Steve Buscemi Opens Up About Post-9/11 PTSD

After attacks, he volunteered with his former fire company at Ground Zero
By Rob Quinn,  Newser Staff
Posted Sep 10, 2021 8:03 AM CDT
Steve Buscemi Opens Up About Post-9/11 PTSD
Steve Buscemi appears at the "Miracle Workers: Dark Ages" panel during the TBS TCA 2020 Winter Press Tour at the Langham Huntington on Wednesday, Jan. 15, 2020, in Pasadena, Calif.   (Photo by Willy Sanjuan/Invision/AP)

The 20th anniversary of the 9/11 attacks is bringing back traumatic memories for countless Americans—including Steve Buscemi, who was a New York City firefighter before he was an actor. He served with the Engine 55 company in Manhattan from 1980 to 1984, and returned to volunteer with the company after the attacks. "I kept calling the fire house ... and of course there was no answer," Buscemi recently told Marc Maron's WTF podcast, per Fox News. "Because I knew that they would be there. And then I eventually learned that five of them were missing. One of them was a good friend of mine I used to work with."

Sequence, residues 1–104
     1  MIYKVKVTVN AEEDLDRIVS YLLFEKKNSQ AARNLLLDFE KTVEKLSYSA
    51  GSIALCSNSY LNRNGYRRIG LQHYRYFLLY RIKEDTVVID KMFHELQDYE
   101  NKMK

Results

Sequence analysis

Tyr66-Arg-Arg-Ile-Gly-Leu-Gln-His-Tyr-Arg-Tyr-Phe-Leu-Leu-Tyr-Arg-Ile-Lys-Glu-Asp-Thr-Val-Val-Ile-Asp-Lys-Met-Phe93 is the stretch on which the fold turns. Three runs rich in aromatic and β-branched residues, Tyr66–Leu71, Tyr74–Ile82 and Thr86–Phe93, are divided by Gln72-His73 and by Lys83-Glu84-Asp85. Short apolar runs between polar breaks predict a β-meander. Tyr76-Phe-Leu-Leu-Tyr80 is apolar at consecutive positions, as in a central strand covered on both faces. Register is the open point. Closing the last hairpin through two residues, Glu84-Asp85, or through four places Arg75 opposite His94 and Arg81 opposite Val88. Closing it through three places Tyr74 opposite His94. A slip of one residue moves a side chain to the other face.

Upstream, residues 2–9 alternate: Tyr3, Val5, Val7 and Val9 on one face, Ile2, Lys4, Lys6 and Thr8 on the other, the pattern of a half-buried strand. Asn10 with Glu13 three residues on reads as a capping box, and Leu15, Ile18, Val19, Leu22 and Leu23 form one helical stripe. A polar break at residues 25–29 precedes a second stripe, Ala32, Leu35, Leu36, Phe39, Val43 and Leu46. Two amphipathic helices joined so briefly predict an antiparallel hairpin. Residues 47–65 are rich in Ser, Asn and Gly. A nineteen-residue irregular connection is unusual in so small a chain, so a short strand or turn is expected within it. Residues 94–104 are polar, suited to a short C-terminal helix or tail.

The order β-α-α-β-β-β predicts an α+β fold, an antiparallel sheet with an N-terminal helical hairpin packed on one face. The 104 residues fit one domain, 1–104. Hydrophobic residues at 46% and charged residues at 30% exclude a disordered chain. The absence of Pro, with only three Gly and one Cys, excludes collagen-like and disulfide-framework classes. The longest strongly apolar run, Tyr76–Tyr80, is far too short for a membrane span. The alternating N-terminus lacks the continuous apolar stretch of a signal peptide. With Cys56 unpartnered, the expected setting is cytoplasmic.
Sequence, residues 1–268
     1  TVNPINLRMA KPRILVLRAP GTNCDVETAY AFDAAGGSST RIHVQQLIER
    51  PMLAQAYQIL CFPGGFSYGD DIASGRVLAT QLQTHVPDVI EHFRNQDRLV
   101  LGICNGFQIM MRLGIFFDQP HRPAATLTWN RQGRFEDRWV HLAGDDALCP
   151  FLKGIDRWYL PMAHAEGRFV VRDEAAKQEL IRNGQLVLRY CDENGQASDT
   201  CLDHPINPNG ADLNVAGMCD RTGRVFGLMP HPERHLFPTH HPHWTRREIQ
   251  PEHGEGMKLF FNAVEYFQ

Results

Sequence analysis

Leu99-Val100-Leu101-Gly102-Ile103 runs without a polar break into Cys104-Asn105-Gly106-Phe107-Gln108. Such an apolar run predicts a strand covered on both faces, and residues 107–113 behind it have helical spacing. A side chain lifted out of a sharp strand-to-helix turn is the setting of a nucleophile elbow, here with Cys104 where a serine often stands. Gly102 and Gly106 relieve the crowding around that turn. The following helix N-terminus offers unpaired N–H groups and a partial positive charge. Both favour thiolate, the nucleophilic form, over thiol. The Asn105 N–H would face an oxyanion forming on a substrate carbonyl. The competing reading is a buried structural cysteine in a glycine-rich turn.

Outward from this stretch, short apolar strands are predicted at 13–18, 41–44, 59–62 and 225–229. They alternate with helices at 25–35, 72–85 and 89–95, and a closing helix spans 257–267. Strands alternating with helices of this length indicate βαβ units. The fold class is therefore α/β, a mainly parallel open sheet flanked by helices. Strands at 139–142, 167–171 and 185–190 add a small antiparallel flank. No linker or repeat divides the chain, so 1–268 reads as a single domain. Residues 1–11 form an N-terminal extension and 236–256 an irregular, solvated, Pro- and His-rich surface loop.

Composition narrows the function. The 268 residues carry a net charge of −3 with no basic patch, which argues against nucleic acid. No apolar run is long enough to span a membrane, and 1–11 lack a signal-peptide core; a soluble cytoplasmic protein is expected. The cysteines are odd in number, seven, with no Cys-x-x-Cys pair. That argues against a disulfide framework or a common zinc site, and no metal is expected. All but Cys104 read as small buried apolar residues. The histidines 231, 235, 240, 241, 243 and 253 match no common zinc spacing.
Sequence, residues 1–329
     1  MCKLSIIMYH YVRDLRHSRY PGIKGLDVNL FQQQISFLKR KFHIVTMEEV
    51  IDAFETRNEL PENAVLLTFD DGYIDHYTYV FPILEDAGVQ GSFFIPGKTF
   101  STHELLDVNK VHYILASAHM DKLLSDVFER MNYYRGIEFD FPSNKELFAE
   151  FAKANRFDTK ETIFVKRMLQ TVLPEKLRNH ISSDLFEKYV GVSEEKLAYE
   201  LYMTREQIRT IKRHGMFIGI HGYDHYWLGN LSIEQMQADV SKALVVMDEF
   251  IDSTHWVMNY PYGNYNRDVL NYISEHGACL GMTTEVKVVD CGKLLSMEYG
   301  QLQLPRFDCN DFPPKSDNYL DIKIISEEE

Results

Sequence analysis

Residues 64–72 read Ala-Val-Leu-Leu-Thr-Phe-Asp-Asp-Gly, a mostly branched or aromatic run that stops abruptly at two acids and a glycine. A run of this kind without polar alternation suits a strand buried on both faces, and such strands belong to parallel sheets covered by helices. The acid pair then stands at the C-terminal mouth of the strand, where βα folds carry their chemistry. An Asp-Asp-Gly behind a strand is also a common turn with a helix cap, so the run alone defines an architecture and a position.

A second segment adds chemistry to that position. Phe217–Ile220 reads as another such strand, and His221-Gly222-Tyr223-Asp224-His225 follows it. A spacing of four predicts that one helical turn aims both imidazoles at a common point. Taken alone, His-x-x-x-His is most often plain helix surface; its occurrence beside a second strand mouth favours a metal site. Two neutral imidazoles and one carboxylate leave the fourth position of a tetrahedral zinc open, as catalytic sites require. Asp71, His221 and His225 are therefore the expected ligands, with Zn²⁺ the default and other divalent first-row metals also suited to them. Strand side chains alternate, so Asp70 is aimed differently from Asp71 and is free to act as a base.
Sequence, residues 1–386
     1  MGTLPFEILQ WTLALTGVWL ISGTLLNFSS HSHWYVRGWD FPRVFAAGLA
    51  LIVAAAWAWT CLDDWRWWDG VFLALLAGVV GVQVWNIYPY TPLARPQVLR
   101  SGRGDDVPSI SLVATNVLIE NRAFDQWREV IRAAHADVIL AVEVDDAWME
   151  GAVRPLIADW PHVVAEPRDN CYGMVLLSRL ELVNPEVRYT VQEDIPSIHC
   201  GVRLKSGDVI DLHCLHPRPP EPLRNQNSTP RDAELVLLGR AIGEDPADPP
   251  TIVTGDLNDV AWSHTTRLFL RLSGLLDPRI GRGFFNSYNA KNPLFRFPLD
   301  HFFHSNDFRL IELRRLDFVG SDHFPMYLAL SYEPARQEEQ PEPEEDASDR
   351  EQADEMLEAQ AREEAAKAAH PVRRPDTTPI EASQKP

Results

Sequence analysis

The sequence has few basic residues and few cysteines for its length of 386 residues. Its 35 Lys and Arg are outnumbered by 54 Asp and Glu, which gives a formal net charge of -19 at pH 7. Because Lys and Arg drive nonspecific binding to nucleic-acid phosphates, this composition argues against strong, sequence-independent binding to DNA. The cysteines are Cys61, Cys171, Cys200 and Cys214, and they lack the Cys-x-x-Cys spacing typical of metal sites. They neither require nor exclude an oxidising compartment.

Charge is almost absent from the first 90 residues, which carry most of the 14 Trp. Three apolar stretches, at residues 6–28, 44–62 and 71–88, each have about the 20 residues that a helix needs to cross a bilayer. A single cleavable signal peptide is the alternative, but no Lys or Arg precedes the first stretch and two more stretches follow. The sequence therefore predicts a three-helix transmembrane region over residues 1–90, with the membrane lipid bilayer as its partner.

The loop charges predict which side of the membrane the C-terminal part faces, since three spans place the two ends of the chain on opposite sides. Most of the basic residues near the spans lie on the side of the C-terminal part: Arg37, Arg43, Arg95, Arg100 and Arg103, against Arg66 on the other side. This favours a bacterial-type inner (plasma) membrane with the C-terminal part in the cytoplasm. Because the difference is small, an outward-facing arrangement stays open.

Buscemi said he grabbed his old gear the morning after the attacks, went to Ground Zero, and walked around until he found Engine 55. "I asked if I could join them," he said. "I could tell they were a little suspicious at first, but I worked with them that day." Buscemi said he spent the next five days working 12-hour days at Ground Zero, and he feels it definitely left him with PTSD. "When I stopped going and tried to just live my life again, it was really, really hard," he said. "I was depressed, I was anxious, I couldn’t make a simple decision." He added: "It's still with me. There are times when I talk about 9/11 and I’m right back there."

In an essay in Time, the 63-year-old says at the time, the dust was "more of a nuisance: pulverized concrete and who-knows-what that clogged a face mask, so fast you worked better without one." He notes that more firefighters are believed to have died from toxic exposure at the site than died on 9/11—but says that if the truth about carcinogens in the air had "been shared with the firefighters, I’m pretty sure they would have kept on working." Buscemi, a longtime advocate for firefighters' welfare, says, "Never forget, because people are still struggling. People are still dying." (More 9/11 anniversary stories.)

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